Can I Defend Myself in Court in Spain?

In Hollywood law series and courtroom movies, it is often an exciting script twist for one of the characters to decide to defend themselves in court. However, the Spanish judicial system is very different from the one we see represented on the small or big screen, so it is worth asking if possible, in this country? Can I defend myself in court? The answer to these questions is found in the figure of the procedural postulation.


The Procedural Postulation

Spain’s procedural system starts from considering that citizens do not know the right and, therefore, do not have the procedural capacity, being necessary, as a general rule, that every person, natural or legal, intervenes in a trial represented by a solicitor and defended by an attorney. However, Spain’s Civil Procedure Law has certain exceptions, although before seeing what these assumptions are, it is convenient to be clear about the differences between the two legal professionals. They intervene before the judge to defend our interests.


Cases in Which a Lawyer or Attorney Is Not Required

Although as a general rule in Spain, no one can intervene in a trial without a solicitor or lawyer, there are some exceptional cases in which a person can intervene before the judge on their own without being assisted by these professionals or, colloquially, to “defend themselves herself on trial.”


In Civil Jurisdiction

To the extent that the civil jurisdiction is the one that knows private law, it is in this type of trial that we find more examples in which anyone can go to court and present a document without the signature of a lawyer or attorney:

  • Claims whose amount does not exceed 2000 euros.
  • Demands for an order for payment proceedings; However, if the defendant opposes this claim, the plaintiff must appoint a solicitor and lawyer to continue with the process.
  • Communicate an undisputed credit in a bankruptcy or inheritance process.
  • Assumptions provided for in the Voluntary Jurisdiction Law.
  • It is also possible, in exceptional cases, the request urgent preventive measures. However, at the hearing or trial, the parties must already represent a solicitor and legal assistance.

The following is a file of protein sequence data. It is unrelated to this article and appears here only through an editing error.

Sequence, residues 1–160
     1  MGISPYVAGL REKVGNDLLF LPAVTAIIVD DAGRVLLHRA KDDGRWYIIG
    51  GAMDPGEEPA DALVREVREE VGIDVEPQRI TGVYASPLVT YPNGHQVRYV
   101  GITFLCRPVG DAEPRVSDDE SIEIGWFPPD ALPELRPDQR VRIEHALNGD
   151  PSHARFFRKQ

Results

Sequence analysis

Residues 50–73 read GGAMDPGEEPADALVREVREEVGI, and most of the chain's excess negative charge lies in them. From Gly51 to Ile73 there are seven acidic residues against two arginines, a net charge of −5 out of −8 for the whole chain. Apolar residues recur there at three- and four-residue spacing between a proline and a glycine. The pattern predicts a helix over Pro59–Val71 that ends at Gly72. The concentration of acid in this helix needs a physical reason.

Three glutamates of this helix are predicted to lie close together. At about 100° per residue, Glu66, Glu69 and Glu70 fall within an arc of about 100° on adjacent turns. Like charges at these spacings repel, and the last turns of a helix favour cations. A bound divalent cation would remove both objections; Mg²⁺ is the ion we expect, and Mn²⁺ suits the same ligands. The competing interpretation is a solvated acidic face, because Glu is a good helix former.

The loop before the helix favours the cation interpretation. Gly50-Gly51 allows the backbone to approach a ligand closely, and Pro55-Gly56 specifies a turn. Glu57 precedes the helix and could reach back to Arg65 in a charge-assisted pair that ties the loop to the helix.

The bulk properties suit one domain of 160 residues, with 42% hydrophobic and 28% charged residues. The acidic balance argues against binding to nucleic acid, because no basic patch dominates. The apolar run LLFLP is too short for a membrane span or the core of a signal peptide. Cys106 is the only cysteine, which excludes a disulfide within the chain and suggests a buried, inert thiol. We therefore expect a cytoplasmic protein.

In any case, the writings that are addressed to the judge must clearly identify the person who signs it, clearly determine the facts that concur in the case, and express, with due separation, the request that we address to the judge or the object of what we intend to obtain from the trial that we initiate preceded by the expression “I beg.”


In the Criminal Jurisdiction

In criminal jurisdiction, it is possible that a citizen who has known about the commission of a crime, especially if it turns out to be the victim, may file a complaint with the court directly, in the same way that he would before the city guard or the policeman. For this act, in principle, no lawyer or attorney is required, although it will be needed for the following phases of the process, even further ratification being necessary. For the rest, the only exception that is possible before the jurisdiction is trials of minor crimes, formerly known as trials of misdemeanors.


Labor and Contentious-Administrative Jurisdictions

In the social order, workers can appear before the courts and tribunals without the need for a solicitor or lawyer, or social graduate to request related civil measures from the judge, such as a claim for quantity and the requirements we have indicated for civil jurisdiction. On the contrary, in the contentious administrative order, it is impossible to intervene in court without a lawyer or attorney. In short, there are some cases in which we can defend our own interests before the judge without the need for a lawyer. However, given the particularities and complications of Spain’s procedural law and the high technical level that characterizes it, it will always be advisable to have advice from a well-qualified lawyer.


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